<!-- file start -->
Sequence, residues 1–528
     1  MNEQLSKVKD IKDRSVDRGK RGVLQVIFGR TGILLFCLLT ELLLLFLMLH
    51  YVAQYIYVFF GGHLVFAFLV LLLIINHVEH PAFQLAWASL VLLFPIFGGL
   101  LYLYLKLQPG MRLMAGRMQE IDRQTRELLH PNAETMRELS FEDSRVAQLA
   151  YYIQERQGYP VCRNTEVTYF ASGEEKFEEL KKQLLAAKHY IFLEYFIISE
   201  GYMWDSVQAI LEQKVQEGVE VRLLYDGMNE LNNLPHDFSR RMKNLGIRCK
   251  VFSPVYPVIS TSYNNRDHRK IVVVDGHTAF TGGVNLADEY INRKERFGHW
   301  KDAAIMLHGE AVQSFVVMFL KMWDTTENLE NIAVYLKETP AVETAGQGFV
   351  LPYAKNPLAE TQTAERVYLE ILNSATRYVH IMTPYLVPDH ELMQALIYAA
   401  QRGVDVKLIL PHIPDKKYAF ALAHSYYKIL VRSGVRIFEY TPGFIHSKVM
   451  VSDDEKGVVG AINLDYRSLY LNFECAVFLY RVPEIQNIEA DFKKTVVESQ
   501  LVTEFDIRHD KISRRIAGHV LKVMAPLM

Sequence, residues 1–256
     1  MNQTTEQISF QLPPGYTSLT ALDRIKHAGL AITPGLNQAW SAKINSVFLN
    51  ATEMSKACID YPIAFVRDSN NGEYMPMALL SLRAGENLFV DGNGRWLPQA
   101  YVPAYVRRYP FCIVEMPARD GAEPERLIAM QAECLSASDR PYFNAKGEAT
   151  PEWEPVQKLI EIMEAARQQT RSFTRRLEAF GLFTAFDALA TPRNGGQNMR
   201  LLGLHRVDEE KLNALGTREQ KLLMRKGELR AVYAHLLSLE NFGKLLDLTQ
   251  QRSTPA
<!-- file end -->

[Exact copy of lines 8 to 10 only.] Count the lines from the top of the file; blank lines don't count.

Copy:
   301  KDAAIMLHGE AVQSFVVMFL KMWDTTENLE NIAVYLKETP AVETAGQGFV
   351  LPYAKNPLAE TQTAERVYLE ILNSATRYVH IMTPYLVPDH ELMQALIYAA
   401  QRGVDVKLIL PHIPDKKYAF ALAHSYYKIL VRSGVRIFEY TPGFIHSKVM